Toll Road Opponents Vow To Follow The Money
Three of the biggest road projects ever proposed in Florida are on a fast track created by state lawmakers, not transportation planners. It's being presented as a done deal, but some people say following the money may be the best way to stop them in their tracks.
Three task forces have been formed, and by October they have been tasked with issuing recommendations to the governor and legislature.
Members have been told they're not supposed to determine the need or purpose of the roads, but focus on coming up with a consensus recommendation they all can live with. And that has some thinking it's a done deal.
But Lindsay Cross, with the advocacy group Florida Conservation Voters, said opponents aren't giving in just yet.
"We have to continue to put pressure on the legislature and encourage them to not fund these roads," she said. "I think that is the way that we're going to stop this. If there's no money to build it, then all of this becomes just a really strange backwards planning exercise, with a lot of frustration from the local communities."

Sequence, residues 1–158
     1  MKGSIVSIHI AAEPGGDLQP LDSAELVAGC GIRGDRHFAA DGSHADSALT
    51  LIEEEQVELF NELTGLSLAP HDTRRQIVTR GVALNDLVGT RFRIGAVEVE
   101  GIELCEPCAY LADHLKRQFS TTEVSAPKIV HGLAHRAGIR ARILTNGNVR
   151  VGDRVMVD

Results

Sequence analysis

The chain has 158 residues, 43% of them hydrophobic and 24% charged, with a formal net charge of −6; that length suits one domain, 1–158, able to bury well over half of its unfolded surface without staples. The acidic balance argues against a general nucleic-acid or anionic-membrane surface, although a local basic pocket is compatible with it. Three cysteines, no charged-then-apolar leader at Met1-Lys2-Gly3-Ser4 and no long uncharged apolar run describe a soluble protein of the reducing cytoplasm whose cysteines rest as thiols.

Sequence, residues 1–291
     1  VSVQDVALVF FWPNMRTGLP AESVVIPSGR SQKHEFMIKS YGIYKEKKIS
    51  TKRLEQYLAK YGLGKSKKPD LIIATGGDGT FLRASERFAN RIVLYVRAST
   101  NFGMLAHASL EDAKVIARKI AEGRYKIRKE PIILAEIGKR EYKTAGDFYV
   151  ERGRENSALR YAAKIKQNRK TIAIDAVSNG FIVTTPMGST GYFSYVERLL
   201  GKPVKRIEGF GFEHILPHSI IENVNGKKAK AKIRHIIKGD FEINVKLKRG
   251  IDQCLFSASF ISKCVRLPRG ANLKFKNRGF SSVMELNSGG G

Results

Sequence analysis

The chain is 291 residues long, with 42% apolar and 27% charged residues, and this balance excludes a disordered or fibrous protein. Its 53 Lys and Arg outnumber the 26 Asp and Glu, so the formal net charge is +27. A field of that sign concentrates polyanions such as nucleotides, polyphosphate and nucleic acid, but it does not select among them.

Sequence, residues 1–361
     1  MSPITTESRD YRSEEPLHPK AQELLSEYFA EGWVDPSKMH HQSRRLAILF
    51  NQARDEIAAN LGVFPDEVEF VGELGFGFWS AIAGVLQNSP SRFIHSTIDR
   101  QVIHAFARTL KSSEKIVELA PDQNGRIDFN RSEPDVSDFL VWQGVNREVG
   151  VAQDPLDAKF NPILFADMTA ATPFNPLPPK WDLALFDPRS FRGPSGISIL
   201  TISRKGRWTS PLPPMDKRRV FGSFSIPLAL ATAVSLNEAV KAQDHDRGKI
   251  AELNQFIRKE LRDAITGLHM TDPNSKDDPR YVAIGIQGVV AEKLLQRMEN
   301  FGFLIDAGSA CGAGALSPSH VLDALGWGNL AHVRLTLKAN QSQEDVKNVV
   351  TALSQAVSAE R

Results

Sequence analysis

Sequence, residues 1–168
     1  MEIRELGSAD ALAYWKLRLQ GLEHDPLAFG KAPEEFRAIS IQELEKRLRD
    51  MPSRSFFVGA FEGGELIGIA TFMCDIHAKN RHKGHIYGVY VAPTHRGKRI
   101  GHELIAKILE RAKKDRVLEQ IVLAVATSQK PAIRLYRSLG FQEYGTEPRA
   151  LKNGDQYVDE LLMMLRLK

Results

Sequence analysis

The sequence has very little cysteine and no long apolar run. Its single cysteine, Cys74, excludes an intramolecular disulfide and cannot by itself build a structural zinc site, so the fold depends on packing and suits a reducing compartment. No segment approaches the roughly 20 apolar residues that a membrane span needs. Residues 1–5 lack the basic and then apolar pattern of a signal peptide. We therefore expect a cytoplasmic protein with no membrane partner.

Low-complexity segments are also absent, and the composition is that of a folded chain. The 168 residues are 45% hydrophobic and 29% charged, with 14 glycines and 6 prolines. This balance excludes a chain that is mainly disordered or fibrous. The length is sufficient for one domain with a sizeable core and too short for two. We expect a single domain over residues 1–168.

Cross said transportation planners need to allow task force members a recommendation to not build the roads.
That wasn't an option given by L.K. Nandam, the Florida Department of Transportation's regional secretary. At the task force's meeting in Polk County in November, he told the members they aren’t supposed to determine the need or purpose of the road, but focus on coming up with a consensus recommendation they all can live with.
The projects would expand the Suncoast Parkway from the Tampa Bay area to Jefferson County at the northern end of Florida; extend the Florida Turnpike west to connect with the Suncoast Parkway; and add a new multi-use corridor, including a toll road, from Polk County to Collier County.
It's the idea of State Senate President Bill Galvano. The Bradenton Republican came up with it after talking with business leaders about ways to spur growth in the state's hinterlands. He spoke during the task force's initial meeting in August, saying it would ease congestion and help with hurricane evacuations.
What makes this road different is it turns traditional planning on its head. Instead of having road planners determine a need, then plan a route - this time state lawmakers said, we need a road - now go build it.
The bill the Legislature passed gives extraordinarily tight timelines. Three task forces, one for each road, have until October to issue its recommendations to the governor and Legislature. Construction would start in 2022 and the roads would be "substantially completed" by 2030.
The task force is called the Multi-use Corridors of Regional Economic Significance (M-CORES) program.
In early December, critics of the toll roads announced they will combine their efforts in the No Roads to Ruin Coalition. The coalition says it has more than 50 organizations and businesses.
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